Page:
The NHS Choices website states that most cases of concussion occur in children and teenagers aged 5 to 14, with the two most common causes being sporting and cycling accidents. Falls and motor vehicle accidents are a more common cause of concussion in older adults.

The most common symptoms of concussion are: confusion, headache, dizziness, nausea, loss of balance, feeling stunned or dazed, disturbances with vision and difficulties with memory.

People who regularly play competitive team sports such as football and rugby have a higher risk of concussion.

Football

An inquest into the death of Jeff Astle, former England and West Bromwich Albion player, who died in 2002 aged 59, found that he had suffered death by industrial disease: his brain having been damaged by the repeated heading of heavy leather footballs.

We have seen only too often footballers suffer head injuries and then continue to play and a report into injuries suffered at the 2014 FIFA World Cup found that there were 1.68 injuries per match. 18% were head injuries and they included five concussions and three fractures. Almost all of the head injuries were caused by contact.

Rugby

The RFU website suggests that about 25% of injuries during play are to the head (including concussions, cuts, bruises, and so on). Approximately it is thought in the professional game 1 concussion is suffered in every 3 games and in the amateur game the rate is 1 concussion in every 21 games.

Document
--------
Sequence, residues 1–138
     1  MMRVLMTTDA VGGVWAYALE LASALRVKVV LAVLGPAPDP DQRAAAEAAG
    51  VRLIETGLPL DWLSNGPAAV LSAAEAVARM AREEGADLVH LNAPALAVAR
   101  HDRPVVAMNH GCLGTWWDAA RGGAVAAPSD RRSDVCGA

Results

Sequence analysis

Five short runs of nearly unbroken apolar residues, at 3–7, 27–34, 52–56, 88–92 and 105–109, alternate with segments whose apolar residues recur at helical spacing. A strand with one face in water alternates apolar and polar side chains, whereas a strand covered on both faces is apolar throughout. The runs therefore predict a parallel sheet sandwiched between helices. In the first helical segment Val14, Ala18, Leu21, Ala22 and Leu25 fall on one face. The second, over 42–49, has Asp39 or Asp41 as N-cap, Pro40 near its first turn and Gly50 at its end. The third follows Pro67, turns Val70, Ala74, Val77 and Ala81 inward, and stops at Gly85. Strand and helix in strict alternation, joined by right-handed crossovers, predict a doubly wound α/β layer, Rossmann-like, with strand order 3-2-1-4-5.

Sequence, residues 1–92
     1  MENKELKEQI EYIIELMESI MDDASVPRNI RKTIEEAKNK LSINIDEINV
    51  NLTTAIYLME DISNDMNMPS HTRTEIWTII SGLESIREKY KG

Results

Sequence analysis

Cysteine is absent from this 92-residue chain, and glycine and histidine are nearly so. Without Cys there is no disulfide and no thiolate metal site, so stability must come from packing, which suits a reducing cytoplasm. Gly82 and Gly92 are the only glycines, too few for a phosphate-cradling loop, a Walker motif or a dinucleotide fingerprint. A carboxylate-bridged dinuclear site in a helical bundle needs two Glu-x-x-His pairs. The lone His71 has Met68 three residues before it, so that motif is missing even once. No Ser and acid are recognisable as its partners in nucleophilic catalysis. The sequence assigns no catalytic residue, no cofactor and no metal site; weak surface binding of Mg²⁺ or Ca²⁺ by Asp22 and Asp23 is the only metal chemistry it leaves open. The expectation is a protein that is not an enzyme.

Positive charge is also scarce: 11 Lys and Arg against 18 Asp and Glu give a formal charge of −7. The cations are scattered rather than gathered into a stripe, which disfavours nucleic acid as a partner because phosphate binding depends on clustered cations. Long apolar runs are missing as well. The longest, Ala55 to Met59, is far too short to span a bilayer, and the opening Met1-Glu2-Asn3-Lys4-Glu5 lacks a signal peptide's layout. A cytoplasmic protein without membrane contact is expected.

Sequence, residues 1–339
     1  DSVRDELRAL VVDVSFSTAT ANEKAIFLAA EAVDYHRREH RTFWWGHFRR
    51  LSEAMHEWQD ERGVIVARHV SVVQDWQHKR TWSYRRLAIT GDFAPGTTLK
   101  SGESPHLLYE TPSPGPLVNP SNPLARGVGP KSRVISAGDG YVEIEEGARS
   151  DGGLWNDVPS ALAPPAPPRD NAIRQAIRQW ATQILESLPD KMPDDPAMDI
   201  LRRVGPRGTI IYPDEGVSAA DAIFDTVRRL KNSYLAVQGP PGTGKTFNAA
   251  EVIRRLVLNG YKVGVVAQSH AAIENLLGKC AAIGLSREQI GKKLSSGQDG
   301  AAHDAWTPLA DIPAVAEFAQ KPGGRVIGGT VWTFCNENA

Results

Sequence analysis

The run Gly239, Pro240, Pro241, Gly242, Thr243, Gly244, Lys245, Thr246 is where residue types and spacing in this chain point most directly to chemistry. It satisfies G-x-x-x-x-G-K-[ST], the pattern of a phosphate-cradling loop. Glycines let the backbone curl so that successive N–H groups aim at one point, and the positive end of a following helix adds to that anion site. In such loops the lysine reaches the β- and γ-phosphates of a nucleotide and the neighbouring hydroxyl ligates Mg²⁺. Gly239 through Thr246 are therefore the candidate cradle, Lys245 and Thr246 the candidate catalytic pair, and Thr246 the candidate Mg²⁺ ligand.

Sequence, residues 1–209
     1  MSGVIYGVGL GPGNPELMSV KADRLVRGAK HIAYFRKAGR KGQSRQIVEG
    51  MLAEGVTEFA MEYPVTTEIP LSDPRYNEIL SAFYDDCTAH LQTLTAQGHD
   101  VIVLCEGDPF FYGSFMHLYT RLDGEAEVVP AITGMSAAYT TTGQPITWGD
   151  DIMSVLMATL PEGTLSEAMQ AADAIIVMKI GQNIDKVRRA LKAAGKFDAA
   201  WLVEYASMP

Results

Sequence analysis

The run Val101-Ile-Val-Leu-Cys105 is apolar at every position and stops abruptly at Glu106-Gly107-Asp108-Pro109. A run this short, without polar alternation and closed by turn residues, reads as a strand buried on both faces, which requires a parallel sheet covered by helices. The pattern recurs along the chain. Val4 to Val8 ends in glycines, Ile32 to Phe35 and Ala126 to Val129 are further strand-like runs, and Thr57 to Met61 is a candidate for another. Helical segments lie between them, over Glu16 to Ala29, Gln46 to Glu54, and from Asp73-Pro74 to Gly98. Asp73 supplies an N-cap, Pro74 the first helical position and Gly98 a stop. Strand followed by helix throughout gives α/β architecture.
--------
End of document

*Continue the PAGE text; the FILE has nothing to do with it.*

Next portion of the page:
We were saddened to read that Lily Partridge a 23 year old part-time teacher, zoo-worker and sportswoman lost her life earlier this month having suffered a head injury during a rugby match in Devon. Only last year Sarah Chesters, died over a month after suffering an injury whilst playing rugby. An inquest determined that Miss Chesters died from brain injuries thought to have been triggered by blunt force trauma to the side of the neck when she first sustained injury, caused by a tackle.

What to do?

The NHS Choices website recommends that you visit your nearest accident and emergency department if you or someone in your care has a head injury resulting in concussion and then develops any of the following signs and symptoms:

  • loss of consciousness from which the person then recovers
  • amnesia (memory loss)
  • persistent headaches since the injury
  • changes in behaviour – a particularly common sign in children under the age of five
  • confusion
  • drowsiness that goes on for longer than an hour when you would normally be awake
  • large bruise or wound to the head or face
  • prolonged vision problems
  • reading or writing problems
  • balance problems or difficulty walking
  • loss of power in part of the body, such as weakness in an arm or leg
  • clear fluid leaking from the nose or ears
  • a black eye with no other damage around the eye
  • sudden deafness in one or both ears

Head Injuries can, as evidenced by the sad stories of Lily Partridge and Sarah Chesters be devastating, very quickly. They may, as they proved to be for Jeff Astle, have long term health implications.

If you are in any doubt about head injuries of any kind, including concussional head injuries, you should seek medical advice.

 

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